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USCIS: Entire H-1B Filing Process Is Now Online

Agency rolls out upgraded collaboration platform for employers, attorneys

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U.S. Citizenship and Immigration Services (USCIS) debuted its newly upgraded H-1B registration system platform Feb. 28, in time for the fiscal year (FY) 2025 cap season.

The addition of organizational accounts to the myUSCIS platform is expected to boost collaboration between employers seeking to sponsor H-1B workers and their legal representatives who help put their cases together.

The organizational accounts allow multiple people within an organization, including HR, and their attorneys to work on and prepare H-1B registrations, Form I-129 petitions and Form I-907 requests for premium processing.

“USCIS is always striving to improve and streamline our processes, and this is a big step forward,” said USCIS Director Ur Jaddou. With the launch of “the organizational accounts and online filing of I-129 H-1B petitions, the entire H-1B life cycle becomes fully electronic, from registration … to our final decision and transmission to the Department of State.”

In addition to streamlining the H-1B petition process, the upgraded platform should help reduce duplicate H-1B registrations and other common errors, she said.

“I’m glad that we’re finally moving into the 21st century with USCIS technology,” said Miki Matrician, a partner at WR immigration in Boston. “Leveraging technology will save employers time and money.”

H-1B petitioning employers are required to use organizational accounts on myUSCIS to participate in the FY 2025 H-1B cap registration period which opens March 6, 2024, at noon ET. All registrations must be submitted by March 22 at noon ET.

“It’s imperative that employers familiarize themselves with this platform to avoid any setbacks during the short H-1B registration window,” said Anthony El-Hashem, an attorney in the Miami office of Akerman.

On April 1, USCIS will begin accepting online filing for H-1B cap petitions and associated premium processing requests through the new system for petitioners whose registrations have been selected. Users can still submit paper petition forms if they choose to do so.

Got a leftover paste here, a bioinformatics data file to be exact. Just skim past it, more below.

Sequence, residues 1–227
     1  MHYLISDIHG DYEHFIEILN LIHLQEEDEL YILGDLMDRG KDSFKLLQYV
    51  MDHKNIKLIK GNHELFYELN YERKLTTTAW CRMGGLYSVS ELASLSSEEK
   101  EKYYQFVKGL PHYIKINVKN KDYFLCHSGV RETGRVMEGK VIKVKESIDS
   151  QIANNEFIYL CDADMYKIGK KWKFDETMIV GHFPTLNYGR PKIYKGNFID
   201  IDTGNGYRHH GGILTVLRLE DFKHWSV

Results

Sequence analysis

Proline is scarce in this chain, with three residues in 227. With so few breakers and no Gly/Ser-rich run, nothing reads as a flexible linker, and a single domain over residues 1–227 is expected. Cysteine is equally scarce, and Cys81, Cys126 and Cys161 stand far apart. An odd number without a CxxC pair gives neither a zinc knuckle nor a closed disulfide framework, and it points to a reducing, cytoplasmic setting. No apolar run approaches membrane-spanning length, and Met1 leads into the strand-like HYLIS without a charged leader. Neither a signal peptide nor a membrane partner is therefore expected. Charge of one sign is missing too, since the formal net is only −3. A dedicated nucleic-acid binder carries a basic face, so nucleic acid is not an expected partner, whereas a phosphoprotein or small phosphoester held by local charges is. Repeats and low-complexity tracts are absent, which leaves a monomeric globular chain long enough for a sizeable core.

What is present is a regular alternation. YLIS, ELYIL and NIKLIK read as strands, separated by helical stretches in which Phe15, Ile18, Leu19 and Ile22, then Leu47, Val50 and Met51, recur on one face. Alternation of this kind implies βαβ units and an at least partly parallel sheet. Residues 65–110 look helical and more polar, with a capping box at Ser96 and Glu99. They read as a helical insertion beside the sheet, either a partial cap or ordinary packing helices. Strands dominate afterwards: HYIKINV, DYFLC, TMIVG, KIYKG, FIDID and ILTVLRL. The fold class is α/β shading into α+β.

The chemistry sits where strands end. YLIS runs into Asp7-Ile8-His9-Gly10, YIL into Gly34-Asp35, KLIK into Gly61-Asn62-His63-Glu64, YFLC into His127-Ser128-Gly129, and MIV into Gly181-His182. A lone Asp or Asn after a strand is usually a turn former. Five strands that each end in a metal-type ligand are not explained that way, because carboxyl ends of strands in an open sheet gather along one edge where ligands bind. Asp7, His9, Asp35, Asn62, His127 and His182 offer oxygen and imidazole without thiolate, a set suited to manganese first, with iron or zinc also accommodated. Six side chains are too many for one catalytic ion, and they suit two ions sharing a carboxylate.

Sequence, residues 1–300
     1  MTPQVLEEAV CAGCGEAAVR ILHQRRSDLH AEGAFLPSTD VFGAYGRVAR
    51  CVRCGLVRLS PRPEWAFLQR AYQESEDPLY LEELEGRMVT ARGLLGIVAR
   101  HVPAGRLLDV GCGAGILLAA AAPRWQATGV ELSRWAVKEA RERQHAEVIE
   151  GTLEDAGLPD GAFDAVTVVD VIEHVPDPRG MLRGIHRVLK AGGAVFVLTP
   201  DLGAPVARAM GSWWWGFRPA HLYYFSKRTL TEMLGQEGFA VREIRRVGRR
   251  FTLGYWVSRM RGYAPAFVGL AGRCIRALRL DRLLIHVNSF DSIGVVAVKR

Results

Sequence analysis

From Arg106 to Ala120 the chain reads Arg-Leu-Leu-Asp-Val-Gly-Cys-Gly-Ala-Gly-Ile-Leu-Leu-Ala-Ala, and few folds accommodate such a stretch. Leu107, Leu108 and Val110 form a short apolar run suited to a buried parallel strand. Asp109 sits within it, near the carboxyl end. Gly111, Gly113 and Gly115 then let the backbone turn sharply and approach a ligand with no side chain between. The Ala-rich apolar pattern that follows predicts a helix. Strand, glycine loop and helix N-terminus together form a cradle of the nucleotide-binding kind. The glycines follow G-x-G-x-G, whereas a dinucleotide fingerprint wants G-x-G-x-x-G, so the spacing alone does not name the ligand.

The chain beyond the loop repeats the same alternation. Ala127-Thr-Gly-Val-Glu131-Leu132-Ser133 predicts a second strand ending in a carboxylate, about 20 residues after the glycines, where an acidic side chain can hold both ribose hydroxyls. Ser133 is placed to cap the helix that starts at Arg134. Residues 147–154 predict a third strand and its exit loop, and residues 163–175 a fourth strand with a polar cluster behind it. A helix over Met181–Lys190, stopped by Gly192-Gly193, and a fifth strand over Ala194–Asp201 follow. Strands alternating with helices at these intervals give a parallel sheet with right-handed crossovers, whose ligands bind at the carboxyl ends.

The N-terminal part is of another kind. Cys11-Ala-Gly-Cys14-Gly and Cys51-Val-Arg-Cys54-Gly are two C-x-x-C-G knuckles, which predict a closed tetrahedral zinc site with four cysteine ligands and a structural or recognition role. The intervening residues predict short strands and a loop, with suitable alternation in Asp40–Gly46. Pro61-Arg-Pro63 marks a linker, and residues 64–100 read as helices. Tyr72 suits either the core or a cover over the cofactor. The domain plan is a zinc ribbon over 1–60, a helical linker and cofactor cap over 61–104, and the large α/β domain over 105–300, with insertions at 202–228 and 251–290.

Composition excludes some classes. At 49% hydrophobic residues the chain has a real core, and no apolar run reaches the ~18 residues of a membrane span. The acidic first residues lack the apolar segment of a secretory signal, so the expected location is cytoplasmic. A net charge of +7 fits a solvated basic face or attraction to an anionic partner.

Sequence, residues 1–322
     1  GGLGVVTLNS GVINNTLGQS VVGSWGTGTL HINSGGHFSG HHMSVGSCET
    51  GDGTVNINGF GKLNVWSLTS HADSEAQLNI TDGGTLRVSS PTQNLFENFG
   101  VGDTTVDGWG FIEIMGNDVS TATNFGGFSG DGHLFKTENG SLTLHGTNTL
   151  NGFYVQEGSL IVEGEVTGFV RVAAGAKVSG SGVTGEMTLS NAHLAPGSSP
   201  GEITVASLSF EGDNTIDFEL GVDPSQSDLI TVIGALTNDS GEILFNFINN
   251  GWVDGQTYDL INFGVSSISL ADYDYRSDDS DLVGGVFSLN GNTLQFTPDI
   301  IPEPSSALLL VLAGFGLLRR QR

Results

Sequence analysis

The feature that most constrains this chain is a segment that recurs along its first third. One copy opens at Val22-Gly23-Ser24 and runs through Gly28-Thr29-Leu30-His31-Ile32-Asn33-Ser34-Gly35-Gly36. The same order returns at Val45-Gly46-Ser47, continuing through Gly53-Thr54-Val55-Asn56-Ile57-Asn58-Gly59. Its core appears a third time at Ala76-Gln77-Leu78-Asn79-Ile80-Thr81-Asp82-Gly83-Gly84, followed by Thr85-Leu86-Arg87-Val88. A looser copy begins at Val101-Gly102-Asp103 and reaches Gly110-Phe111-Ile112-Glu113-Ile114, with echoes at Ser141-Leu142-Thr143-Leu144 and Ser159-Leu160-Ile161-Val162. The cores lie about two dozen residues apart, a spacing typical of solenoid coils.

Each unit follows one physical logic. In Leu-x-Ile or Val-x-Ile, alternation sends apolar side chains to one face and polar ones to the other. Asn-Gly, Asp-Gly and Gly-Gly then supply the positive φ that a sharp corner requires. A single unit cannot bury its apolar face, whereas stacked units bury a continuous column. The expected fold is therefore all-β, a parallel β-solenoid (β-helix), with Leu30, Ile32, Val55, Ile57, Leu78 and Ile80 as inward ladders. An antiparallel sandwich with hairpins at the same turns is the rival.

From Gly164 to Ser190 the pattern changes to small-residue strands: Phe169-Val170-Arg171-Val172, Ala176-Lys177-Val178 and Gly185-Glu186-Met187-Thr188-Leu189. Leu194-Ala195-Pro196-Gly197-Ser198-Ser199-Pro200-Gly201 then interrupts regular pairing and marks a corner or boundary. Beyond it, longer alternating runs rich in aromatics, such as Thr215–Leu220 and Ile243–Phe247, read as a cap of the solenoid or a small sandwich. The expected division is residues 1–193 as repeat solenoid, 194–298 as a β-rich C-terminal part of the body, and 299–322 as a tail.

H-1B petitioning employers who have never created a myUSCIS online account will be asked to create an organizational account. Employers with existing H-1B registrant accounts will be upgraded to the new organizational accounts. 

Immigration attorneys advise employers make a plan with their legal representatives before setting up H-1B organizational accounts. “It is critical for companies to coordinate with outside counsel to strategize on who will set up the account, who the company administrator will be, who will be responsible for reviewing and approving each registration, and building a process to ensure all registrations are entered into the system,” said Chad Graham, executive partner at Graham Adair in San Jose, Calif.

Employers must first decide who will be the “Administrator” for the company, El-Hashem said. “The Administrator is the person who will create and oversee a ‘Company Group’ which will allow multiple individuals within the organization to collaborate on and prepare H-1B registrations. The Administrator must be someone who has the authority to sign, pay for and submit registrations on behalf of the company.”

Once the Company Group is created, the Administrator can invite co-workers to be additional Administrators or Members who lack certain permissions but are able to create, edit and delete drafts of H-1B registrations. Administrators can also invite their legal representatives to prepare H-1B registrations on behalf of the company, El-Hashem said.